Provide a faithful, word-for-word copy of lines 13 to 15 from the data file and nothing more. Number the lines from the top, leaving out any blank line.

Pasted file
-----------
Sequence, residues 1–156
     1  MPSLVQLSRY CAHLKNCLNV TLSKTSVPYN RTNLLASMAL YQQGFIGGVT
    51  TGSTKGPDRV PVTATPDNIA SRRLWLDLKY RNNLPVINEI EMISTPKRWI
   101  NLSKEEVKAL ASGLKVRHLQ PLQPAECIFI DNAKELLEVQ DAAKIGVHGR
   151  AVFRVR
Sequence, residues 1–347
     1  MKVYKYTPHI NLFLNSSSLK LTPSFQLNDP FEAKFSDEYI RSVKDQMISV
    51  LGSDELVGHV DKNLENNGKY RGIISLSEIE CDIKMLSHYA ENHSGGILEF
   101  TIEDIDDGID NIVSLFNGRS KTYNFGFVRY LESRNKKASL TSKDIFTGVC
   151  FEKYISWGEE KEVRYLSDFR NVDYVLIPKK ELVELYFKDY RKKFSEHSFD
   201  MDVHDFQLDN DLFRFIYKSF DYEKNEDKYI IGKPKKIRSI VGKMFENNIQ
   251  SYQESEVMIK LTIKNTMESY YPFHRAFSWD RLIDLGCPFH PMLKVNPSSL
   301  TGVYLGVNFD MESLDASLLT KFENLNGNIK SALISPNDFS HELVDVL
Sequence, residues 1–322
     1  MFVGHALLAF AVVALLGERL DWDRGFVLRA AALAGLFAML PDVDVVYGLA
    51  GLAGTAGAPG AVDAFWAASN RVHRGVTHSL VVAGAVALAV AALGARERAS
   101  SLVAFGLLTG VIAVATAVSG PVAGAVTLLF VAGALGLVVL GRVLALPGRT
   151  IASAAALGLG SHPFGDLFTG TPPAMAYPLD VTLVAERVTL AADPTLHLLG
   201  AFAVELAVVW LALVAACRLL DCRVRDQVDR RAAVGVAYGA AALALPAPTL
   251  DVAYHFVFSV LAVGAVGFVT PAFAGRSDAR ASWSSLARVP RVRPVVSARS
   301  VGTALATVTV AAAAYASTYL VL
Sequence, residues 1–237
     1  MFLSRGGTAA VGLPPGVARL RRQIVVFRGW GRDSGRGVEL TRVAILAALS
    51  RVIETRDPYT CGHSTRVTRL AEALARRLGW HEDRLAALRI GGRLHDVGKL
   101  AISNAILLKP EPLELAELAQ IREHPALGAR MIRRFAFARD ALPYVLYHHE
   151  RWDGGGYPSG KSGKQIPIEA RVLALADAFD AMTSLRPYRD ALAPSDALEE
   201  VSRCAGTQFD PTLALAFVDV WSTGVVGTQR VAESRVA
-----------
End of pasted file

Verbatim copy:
   301  TGVYLGVNFD MESLDASLLT KFENLNGNIK SALISPNDFS HELVDVL
Sequence, residues 1–322
     1  MFVGHALLAF AVVALLGERL DWDRGFVLRA AALAGLFAML PDVDVVYGLA